News / Culture

Man of letters finds poetry in Brunswick streets

Brunswick’s Kevin Brophy has been honoured with an Order of Australia for his life’s work teaching and championing poetry and writing

Kevin Brophy in Sydney Road, June 2021.

Mark Phillips
Friday, June 25, 2021


EVIN Brophy is the closest thing Brunswick has to its own poet laureate. A lifelong resident of the inner northern suburbs and a key figure in Australia’s literary scene for more than four decades, Brophy has regularly drawn on his local environment for inspiration.

Whether it’s anonymous streets and laneways near his house, the changing rooms at the Brunswick Baths, the statue of Father John Brosnan in Dawson Street, the Sydney Road shopping strip, or a neo-Nazi demonstration at the town hall, Brunswick has found its way into Brophy’s writing again and again.

And it was in rundown terrace houses in Brunswick and Coburg that the first editions of the renowned literary journal Going Down Swinging were produced in the late-1970s by Brophy and co-founder Myron Lysenko.

Brophy’s devotion to writing, teaching and championing Australian literature was recognised earlier this month with a Member of the Order of Australia award in this year’s Queen’s Birthday Honours.

The official citation is for “significant service to tertiary education, and to creative writing” — but that is an understatement of a long career which continues into Brophy’s eighth decade.

The award was “out of the blue”, Brophy tells Brunswick Voice over a coffee at one of his favourite local haunts, Wide Open Road in Barkly Street after arriving for the interview on his trusty yellow pushbike.

“There’s a whole mix of feelings, but it feels fantastic to have that recognition for poetry,” he says.

“It rarely happens to poets and it’s a great thing for the creative writing program at Melbourne University to have the honour attached to it, and a deep personal satisfaction too that the kinds of community work, voluntary publishing work and editing work and mentoring work I’ve been doing for decades has been recognised.”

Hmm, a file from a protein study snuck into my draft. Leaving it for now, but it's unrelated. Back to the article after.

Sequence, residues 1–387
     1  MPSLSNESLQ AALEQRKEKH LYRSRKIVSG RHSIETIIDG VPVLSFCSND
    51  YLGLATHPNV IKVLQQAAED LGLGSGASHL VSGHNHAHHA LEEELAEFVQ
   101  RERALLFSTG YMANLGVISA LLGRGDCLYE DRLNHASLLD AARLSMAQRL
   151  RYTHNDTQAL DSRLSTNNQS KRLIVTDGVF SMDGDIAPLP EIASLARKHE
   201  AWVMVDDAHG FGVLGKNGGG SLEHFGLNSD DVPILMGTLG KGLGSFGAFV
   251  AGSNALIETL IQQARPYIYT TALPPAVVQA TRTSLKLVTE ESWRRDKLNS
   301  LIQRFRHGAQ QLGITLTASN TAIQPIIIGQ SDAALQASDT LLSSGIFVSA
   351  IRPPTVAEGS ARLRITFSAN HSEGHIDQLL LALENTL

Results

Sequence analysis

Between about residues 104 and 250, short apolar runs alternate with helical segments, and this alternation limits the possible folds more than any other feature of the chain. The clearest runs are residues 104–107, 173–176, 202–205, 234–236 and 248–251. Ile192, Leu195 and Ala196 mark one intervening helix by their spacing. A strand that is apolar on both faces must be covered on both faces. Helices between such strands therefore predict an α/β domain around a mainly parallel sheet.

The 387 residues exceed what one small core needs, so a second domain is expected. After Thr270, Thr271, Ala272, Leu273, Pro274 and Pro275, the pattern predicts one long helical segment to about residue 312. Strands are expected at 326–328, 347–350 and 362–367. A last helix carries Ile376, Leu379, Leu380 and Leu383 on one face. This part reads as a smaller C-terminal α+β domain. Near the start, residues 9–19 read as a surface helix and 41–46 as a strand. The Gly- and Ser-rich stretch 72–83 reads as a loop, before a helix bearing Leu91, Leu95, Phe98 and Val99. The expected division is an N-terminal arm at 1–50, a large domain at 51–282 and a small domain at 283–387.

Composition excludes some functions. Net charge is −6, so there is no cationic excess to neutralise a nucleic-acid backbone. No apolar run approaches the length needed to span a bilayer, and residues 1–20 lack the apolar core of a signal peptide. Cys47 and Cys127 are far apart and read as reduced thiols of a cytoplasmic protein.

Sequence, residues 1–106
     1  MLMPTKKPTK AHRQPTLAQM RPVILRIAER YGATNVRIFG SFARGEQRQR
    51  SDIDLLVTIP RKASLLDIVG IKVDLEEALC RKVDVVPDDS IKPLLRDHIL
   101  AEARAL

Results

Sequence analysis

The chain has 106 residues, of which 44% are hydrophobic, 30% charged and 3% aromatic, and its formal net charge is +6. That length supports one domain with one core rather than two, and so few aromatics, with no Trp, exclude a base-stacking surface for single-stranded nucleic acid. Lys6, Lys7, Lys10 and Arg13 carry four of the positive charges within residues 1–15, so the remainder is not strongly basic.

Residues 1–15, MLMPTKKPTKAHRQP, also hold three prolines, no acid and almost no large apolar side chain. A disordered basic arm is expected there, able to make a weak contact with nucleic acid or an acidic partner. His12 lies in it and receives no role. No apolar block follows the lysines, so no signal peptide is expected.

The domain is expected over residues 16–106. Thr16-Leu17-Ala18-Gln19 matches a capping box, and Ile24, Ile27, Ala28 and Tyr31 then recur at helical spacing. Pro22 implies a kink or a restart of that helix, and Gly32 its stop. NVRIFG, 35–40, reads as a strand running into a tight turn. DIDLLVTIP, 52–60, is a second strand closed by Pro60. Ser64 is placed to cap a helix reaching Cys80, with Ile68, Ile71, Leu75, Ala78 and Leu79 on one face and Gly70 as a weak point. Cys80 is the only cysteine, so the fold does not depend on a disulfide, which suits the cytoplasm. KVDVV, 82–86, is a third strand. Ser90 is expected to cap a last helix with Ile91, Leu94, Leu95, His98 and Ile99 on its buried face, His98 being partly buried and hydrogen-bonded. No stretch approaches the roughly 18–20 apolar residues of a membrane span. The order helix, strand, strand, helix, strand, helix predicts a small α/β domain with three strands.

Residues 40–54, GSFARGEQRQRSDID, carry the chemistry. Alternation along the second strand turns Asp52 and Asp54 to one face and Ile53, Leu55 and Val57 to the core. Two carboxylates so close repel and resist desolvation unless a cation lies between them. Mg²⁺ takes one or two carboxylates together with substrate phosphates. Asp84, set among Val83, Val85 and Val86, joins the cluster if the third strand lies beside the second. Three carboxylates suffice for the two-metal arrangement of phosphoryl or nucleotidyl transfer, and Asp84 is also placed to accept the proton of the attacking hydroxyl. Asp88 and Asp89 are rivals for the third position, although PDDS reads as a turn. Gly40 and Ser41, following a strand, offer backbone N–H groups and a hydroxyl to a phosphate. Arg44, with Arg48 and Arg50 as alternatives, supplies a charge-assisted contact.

Childhood memories

Brophy was born in Moreland Road and then spent the first decade of his life on the Coburg end of Sydney Road. He was the second of nine children to “aspiring working class” parents, neither of whom completed high school.

A love of reading, along with a strong education ethic, was encouraged in the household. Brophy was the first in the family to go to university and is one of three siblings to have gained PhDs.

Brophy knew he wanted to be a writer by the age of 14, and his fondest childhood memories are of devouring books from the Coburg library, which was then located beside the town hall in Bell Street.

Growing up in the 1950s and 1960s, Brophy and his siblings would explore the narrow laneways near their home and hone their skills throwing stones at rats at the municipal tip in Sydney Road while they waited to catch a tram to school each morning.

“I loved the territory of my childhood in Coburg,” Brophy says.

“I loved the lanes, the back of warehouses and factories where we could have adventures.

“I loved the idea that Sydney Road went all the way to Sydney, an almost unimaginable place, unimaginably far away. I loved the trams … In retrospect it looks like possibly a grubby kind of childhood, but it has lots of nostalgia and charm in my memories.”

The family later moved to Watsonia, but Brophy returned to his old neighbourhood when he began at Melbourne University, spending his first year living with his grandmother across the road from Pentridge Prison in O’Hea Street.

“I didn’t really know what I was doing. All I knew was I wanted to write from my heart and into the heart of the reader.”

While still at university, Brophy and a friend opened a coffee house in Sydney Road near Moreland Road which became a beacon for live music and socialising. During this period he immersed himself in the creative communities of Carlton and Fitzroy when the Pram Factory and La Mama theatres were in their heyday.